In terms of standards, quality clearly starts right from day one and the size of the initial investment. But my personal opinion is that we need a better system of classifying hotels, ideally with foreign consultants brought in to help judge star ratings. And although Lebanese staff are sought after in the whole region, our training colleges need to find a better mix of management and technical skills. At the moment, there are only the two extremes.

Pierre Achkar

President of the Lebanese Hotel Association

E How many hotel rooms will Lebanon offer by the end of 2006? Is this capacity appropriate for Lebanon’s needs? What are the requirements for healthy and sustained growth in the hotel industry in 2006? What can the public sector do to better supervise and assist hotels?

We have around 16,700 hotel rooms at the moment. Another 3,000 rooms are under construction and although I don’t know exactly how many will open in 2006, we usually expect 500 to 600 new rooms annually. Next year should be no different. Often it is old hotels being renovated, which are sometimes not included on the figures for new rooms. There is no shortage of rooms, although occupancy rates have been down this year thanks to the political situation. Since 2001, we’ve seen growth of 30% per year, and expected 2005 to be the best ever. But for the first three months, Beirut was virtually closed and all our plans were cancelled. Things picked up during the summer and in fact, given all the uncertainty, it has actually not been a bad year. For healthy growth in 2006, though, the absolute first priority is political stability. As soon as we have that, we need a major promotion to improve Lebanon’s image abroad. In terms of public sector help, although legislation does need to be updated, it is not a prerequisite for growth in the hotel industry. More important is to unify the public and private sector in promoting the country, as professionals in the private sector know better than the government what should be done, and how to do it. I also believe that the national tourism council should be reactivated and funded jointly by both private and public sectors – this kind of co-operation is important for the health of the industry.

Khalil Malaeb

CEO of K&M Health Tourism International

E Why do visitors come to Lebanon for medical treatment? How healthy are the future prospects for developing this niche? Can we expect any major developments in 2006?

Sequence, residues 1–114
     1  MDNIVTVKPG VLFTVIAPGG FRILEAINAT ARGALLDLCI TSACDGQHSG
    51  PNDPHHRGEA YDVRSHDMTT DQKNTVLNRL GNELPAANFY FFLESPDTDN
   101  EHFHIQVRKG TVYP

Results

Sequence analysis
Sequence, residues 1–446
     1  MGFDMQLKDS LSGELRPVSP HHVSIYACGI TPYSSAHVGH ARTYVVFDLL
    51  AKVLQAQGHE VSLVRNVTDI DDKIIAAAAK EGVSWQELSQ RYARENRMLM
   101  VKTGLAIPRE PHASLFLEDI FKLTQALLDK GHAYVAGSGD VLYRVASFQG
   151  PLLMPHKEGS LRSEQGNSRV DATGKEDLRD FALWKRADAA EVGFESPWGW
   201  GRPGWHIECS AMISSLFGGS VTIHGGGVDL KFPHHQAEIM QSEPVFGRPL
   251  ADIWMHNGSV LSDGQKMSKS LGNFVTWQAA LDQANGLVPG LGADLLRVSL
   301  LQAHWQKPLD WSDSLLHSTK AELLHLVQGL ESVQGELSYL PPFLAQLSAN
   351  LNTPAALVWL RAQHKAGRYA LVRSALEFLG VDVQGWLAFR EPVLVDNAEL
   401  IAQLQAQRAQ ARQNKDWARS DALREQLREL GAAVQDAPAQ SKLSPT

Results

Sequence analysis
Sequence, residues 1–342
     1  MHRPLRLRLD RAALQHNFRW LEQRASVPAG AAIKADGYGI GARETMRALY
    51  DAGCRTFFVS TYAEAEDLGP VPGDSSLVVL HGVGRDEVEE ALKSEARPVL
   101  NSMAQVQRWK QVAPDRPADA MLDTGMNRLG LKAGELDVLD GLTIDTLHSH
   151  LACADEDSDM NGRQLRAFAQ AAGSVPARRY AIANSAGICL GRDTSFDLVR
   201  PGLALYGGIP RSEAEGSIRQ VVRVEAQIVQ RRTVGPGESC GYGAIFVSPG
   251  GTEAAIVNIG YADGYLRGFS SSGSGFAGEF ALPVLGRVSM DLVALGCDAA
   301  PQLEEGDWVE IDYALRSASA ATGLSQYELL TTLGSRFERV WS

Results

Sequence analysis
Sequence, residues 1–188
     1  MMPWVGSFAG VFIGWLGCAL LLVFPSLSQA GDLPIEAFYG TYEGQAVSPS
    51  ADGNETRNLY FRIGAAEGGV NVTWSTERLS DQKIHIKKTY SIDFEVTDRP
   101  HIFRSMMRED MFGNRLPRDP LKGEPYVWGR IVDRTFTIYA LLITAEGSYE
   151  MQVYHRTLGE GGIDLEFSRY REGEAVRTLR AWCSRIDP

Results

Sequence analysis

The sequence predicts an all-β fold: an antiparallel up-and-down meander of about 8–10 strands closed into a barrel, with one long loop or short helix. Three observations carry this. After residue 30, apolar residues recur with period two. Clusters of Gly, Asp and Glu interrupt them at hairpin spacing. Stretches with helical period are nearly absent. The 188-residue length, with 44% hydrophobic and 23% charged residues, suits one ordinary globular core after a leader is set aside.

Our medical tradition is very important – we have 140 years of experience and this helps create trust with patients. Our doctors are often foreign born or educated, and a very high percentage of them practice a specialty or a sub-specialty. Plus, the cost of care here is about 40% to 50% cheaper than in Europe, with exactly the same quality, and Lebanon is the only country in the Middle East to have 80 hospitals accredited internationally. Compared to Arab countries, the cost of care here is similar but the standards are higher, whilst the market for Arabs taking medical treatment abroad is lucrative – it’s now worth $4.5 billion. As for the future outlook, developing medical tourism is not a one-year process. We’ve clearly been set back by the death of Hariri, who took a personal interest in promoting this niche. One major goal is to access the European market, especially those countries like the UK with long waiting lists. We also want to further promote Lebanon as a plastic surgery destination. For these kind of operations, many people now travel to South Africa because costs are perhaps 50% less there than in Europe. But we can offer even better value – and of course with the same level of excellence. In addition, we’re currently in negotiations with a re-insurance company to actually offer insurance during medical operations – something, which is usually wavered. It will apply to certain hospitals and should come into force in early 2006. Given that Lebanon will be the only Arab country to offer this kind of insurance, it’s another sign of confidence in our medical care.